• Rolling to the right is similar

  • There is another variant on rolling bits, using carry flag. Rolling bits using carry flag is done by rcl and rcr

Unconditional conditional jumps
Unconditional & Conditional Jumps

  • Conditional jumps always consider some condition

  • If the condition is satisfied, then the jump is taken, otherwise it is not

  • The conditions are usually reflected in the processor flags

  • On the other hand, unconditional jumps do not regard any conditions

  • So, it is more like goto in a sense

Making labels1
Making Labels

  • Labels are essential to jump instructions

  • It marks the destination. Of course you need to set where to jump, Making labels in assembly are easy

  • Labels can be made like this:


  • So, we can pick out any names and stick a colon after it (:)

  • You must make sure that all label names throughout your program are unique, no duplicates

Unconditional jumps
Unconditional Jumps

  • For unconditional jump, the instruction is jmp

  • unconditional jumps takes no regard on conditions. So, whenever the processor arrives at the instruction jmpsomewhere, it will directly skip all the instructions below it up to until the instruction marked by the label somewhere

Conditional jumps
Conditional Jumps

  • Before the jump instruction, we (usually) have to put a comparison or testing instruction

  • The comparison instruction is cmp

Conditional jumps cont1
Conditional Jumps cont.

  • Note that jg, jge, jl, and jle will work for signed variables only

  • For unsigned variables, use ja"jump if above", jae, jb"jump if below", and jbe as the substitution respectively

  • The rest (i.e. je, jne, and jc) work with both signed and unsigned variables

Testing instruction
Testing Instruction

  • The syntax of test instruction:

    test x, y

  • It behaves like an and but it does not store the result back to x

  • So it is more like x and y

  • Usually after this instruction, we usually check whether the result of the and-ing is zero or not using jz or jnz (i.e. "jump if zero")

Testing instruction example 1
Testing Instruction example 1

Add 1+2+3+...+10

Testing instruction example 2
Testing Instruction example 2

8! Factorial

Loop construct
Loop Construct

  • This structure is just like do..while construct in C/Java

  • When the processor takes loop instruction, it will first decrease the register CX by one

  • After that, CX is tested whether it is zero or not. If it is not zero, then jump to mylabel

  • It's kind of countdown counter

Loop construct example
Loop Construct example

Let's take 1+2+...+10 example

Introduction to interrupt
Introduction to Interrupt

  • Interrupt is just like a procedure provided by the system and You can invoke it

  • These two lines actually request the operating system to terminate the program

  • The interrupt is called using intinstruction with a number after it

  • This number is referred as Interrupt Number

Introduction to interrupt cont
Introduction to Interrupt cont.

  • Interrupt number alone is not enough

  • Interrupt behaves differently depending on which Service Number is called

  • Service numbers are usually placed in AH

  • Sub-Servicenumber is usually placed in AL

  • This interrupt mechanism is pretty much like a phone number

Output to screen1
Output to Screen

  • After the start label we are invoking interrupt number 21h, service 09h

  • Interrupt 21h is reserved for Operating System calls

  • When you look up what service 09h does on interrupt 21h in interrupt list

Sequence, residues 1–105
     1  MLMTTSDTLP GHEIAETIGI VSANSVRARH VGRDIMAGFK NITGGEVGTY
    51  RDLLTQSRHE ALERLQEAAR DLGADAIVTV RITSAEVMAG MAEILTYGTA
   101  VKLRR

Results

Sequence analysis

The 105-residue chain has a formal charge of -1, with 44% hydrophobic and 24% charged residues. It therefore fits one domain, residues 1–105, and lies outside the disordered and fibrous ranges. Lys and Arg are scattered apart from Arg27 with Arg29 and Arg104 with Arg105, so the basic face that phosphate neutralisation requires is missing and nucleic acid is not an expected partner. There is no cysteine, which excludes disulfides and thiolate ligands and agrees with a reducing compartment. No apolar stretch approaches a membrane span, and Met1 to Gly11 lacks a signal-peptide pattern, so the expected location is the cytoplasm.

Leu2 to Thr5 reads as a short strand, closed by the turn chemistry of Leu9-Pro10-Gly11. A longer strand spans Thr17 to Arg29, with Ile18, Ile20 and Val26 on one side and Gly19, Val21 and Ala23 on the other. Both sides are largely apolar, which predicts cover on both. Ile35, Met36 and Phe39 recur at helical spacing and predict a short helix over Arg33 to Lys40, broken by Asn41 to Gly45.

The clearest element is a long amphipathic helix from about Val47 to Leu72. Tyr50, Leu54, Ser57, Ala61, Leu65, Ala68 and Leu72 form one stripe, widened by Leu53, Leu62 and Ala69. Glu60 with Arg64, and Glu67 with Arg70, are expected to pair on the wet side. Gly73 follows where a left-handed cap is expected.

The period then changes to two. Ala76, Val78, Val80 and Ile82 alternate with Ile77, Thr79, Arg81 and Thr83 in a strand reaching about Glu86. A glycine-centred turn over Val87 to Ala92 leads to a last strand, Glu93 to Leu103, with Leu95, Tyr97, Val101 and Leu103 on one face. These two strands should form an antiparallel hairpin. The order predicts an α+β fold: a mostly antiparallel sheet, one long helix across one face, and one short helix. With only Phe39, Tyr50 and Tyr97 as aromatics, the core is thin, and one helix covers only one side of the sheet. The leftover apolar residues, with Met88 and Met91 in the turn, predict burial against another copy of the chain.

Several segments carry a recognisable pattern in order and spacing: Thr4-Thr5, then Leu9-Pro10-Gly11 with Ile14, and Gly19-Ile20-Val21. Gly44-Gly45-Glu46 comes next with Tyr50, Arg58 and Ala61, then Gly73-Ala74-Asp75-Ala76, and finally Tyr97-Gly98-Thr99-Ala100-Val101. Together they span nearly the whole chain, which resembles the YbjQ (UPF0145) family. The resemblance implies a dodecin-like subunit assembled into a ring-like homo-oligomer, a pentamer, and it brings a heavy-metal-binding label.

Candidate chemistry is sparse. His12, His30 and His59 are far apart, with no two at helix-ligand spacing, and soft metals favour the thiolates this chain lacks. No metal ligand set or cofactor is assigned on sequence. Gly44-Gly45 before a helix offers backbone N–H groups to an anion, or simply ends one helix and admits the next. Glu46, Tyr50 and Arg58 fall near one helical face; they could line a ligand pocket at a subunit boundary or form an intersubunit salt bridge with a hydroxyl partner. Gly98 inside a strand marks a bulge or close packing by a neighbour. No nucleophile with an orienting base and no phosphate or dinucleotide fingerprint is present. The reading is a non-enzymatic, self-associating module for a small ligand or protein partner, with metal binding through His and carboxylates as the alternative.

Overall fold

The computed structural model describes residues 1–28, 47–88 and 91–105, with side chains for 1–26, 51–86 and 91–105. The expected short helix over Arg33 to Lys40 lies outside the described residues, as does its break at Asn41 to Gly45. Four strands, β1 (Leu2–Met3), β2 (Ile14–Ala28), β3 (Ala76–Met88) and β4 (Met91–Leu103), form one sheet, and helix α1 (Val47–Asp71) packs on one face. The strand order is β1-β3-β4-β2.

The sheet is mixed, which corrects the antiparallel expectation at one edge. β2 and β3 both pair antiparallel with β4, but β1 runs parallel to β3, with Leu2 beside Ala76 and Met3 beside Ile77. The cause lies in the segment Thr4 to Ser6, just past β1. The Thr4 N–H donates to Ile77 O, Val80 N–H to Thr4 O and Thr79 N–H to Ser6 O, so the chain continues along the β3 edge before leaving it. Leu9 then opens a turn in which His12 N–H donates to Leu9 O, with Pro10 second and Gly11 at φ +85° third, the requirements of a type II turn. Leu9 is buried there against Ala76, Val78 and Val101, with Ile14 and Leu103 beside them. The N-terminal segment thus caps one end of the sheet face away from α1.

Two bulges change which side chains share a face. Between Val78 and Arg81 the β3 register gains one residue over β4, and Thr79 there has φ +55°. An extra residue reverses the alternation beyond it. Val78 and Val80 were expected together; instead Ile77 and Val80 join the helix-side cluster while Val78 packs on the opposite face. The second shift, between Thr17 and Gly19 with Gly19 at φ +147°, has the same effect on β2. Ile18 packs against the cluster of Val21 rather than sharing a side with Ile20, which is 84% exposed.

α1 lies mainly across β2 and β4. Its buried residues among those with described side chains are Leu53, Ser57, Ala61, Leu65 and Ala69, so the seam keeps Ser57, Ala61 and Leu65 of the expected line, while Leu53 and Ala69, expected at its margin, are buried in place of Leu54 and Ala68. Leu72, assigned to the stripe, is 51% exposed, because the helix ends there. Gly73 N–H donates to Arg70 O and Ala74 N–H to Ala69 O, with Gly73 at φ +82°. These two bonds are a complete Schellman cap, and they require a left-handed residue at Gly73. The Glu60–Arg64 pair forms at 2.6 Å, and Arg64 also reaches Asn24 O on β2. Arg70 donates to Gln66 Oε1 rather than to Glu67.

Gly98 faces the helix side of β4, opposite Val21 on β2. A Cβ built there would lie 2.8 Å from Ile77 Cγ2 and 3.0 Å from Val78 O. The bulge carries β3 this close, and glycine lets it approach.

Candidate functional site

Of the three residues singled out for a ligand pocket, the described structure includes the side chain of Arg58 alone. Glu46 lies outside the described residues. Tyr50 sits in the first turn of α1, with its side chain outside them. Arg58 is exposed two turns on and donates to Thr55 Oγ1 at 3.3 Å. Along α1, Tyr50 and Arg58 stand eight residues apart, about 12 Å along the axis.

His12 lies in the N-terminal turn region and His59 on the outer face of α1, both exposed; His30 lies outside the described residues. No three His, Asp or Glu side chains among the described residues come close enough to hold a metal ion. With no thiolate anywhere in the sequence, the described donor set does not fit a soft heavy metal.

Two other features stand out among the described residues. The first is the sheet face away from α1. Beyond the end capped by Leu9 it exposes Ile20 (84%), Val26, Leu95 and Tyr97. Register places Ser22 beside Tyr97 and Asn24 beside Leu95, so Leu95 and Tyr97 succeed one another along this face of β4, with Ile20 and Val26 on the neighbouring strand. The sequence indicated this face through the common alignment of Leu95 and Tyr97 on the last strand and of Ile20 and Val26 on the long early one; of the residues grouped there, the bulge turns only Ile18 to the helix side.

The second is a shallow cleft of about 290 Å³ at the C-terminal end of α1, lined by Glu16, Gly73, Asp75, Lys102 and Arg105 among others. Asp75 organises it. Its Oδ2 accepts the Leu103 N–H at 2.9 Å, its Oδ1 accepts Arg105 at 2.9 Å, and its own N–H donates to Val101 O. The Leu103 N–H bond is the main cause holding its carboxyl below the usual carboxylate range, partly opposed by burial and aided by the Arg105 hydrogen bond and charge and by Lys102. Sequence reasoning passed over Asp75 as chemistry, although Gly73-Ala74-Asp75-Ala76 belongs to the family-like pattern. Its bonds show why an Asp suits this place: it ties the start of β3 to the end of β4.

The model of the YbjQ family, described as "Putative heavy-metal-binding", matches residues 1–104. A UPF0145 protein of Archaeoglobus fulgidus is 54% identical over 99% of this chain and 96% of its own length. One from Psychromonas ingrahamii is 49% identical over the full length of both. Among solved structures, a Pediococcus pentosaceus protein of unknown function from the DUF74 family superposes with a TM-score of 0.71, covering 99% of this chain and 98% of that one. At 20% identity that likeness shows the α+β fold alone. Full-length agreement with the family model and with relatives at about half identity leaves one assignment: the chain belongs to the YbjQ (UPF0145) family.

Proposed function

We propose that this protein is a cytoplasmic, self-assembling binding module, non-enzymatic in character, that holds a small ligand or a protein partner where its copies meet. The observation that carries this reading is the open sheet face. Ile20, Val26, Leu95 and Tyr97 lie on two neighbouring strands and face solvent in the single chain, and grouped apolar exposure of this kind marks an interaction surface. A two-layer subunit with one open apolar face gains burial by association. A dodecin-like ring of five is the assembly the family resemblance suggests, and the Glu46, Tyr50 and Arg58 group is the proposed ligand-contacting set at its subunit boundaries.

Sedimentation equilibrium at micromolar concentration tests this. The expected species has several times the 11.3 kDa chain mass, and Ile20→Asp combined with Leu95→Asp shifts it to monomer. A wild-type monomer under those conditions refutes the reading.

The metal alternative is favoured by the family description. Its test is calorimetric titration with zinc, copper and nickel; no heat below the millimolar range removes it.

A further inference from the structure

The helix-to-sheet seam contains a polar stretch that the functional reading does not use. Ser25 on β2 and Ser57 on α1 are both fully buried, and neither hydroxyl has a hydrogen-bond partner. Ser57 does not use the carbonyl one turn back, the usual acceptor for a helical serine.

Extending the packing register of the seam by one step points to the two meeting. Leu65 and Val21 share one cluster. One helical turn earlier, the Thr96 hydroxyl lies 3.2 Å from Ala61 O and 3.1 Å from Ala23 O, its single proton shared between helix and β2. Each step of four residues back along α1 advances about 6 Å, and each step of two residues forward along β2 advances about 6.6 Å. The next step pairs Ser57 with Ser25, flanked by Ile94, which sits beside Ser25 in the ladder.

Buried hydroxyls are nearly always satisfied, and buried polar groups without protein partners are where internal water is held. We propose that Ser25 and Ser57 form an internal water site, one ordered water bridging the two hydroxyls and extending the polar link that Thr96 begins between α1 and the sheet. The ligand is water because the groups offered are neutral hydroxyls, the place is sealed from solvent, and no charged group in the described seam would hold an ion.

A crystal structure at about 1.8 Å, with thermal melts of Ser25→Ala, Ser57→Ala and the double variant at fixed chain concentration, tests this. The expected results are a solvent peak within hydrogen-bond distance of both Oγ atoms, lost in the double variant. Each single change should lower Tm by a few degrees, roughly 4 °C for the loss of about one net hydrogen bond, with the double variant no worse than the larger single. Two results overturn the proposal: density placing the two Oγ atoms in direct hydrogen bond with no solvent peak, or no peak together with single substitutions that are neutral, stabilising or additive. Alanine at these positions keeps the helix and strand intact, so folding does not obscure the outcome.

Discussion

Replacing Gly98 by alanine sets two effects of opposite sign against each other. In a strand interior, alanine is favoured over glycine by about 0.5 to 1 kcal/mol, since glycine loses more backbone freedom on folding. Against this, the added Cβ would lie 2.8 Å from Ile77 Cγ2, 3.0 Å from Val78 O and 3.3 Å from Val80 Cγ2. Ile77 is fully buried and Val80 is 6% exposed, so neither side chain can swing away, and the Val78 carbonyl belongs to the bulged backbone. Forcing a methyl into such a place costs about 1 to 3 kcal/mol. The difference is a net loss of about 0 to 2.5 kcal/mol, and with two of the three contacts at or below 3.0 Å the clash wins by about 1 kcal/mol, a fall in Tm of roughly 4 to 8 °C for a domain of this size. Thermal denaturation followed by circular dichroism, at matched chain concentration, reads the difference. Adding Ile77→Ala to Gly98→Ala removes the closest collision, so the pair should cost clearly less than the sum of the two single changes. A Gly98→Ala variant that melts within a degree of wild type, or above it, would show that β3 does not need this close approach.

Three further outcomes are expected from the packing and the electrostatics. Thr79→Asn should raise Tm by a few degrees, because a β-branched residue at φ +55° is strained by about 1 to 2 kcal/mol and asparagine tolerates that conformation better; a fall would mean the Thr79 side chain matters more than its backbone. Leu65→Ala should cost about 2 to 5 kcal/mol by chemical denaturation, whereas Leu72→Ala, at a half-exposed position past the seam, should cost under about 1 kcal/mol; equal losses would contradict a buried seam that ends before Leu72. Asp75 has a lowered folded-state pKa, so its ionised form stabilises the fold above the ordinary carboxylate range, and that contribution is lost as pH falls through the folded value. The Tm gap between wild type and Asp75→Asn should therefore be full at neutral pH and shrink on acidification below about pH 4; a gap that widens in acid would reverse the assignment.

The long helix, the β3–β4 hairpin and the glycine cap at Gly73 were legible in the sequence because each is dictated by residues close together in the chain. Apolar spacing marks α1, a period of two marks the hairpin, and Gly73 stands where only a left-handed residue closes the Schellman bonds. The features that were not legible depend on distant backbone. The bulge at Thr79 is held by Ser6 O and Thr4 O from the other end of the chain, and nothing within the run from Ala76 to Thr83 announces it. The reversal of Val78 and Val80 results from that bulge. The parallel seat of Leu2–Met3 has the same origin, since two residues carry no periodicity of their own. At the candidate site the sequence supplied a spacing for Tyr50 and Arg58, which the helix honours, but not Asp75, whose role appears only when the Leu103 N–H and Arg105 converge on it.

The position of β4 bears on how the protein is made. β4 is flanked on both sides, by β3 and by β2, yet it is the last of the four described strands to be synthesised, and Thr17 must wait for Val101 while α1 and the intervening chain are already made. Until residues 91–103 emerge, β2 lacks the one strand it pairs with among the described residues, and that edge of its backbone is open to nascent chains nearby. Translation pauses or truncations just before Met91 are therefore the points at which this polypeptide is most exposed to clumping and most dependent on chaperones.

• To insert a new line simply change the message declaration into:

Input from keyboard
Input from Keyboard

  • Interrupt 21h service 0Ah offers a mean to input from keyboard. The interrupt lists say:

Input from keyboard example
Input from keyboard example


Output a better version
Output: A Better Version

  • There is one way to cope with “$” issue by output characters one by one using a loop

  • The loop terminates if the character being read is 0

  • Zero in ASCII number is defined as a blank and usually used to terminate stuffs

  • Interrupt 21h, service 06h used to print one character on screen

Number to string
Number to String

  • The output routines we discussed so far are intended only for outputting strings

  • How can we output numbers?

  • We have to convert the numbers to string first

Why stack
Why Stack?

There are several reasons why we need stacks:

  • To save register values if we ran out of registers

  • To pass parameters to subroutines

  • To make space for local variables in subroutines

  • To preserve original register values if we change them in a subroutine

  • To fetch processor flag status

Stack operations
Stack Operations

  • last in first out (LIFO)

  • Stack operations mainly done by two instructions either push or pop

  • The instruction push will push values into the stack, while pop will pop it out

  • The syntax is like this:

  • The operand X is a 16-bit

  • You can push 8-bit too, but the processor will push a 16-bit value anyway

Memory layout
Memory Layout

  • You should know that register CS by default points to the segment where the code resides. DS will point to the data segment. ES usually pointed to data segment too. SS will point to stack segment. Since CS, DS, ES, and SS point to the same segment, it means code, data, and stack resides in the same region


Code Seg.


Data Seg.


Extra Seg.


Stack Seg.

Code Seg.


Data Seg.


Extended Seg.


Stack Seg.





How can we manage this
How can we manage this?

  • The stack is not only pointed by SS register. But also SP register

  • So, the pair SS:SP points the top of the stack. Initially, SP is set to the very bottom of the segment in "tiny" mode, at address FFFEh

  • Each time we push something into the stack, this SP register will be decremented up by 2. If we pop something, SP will be incremented down by 2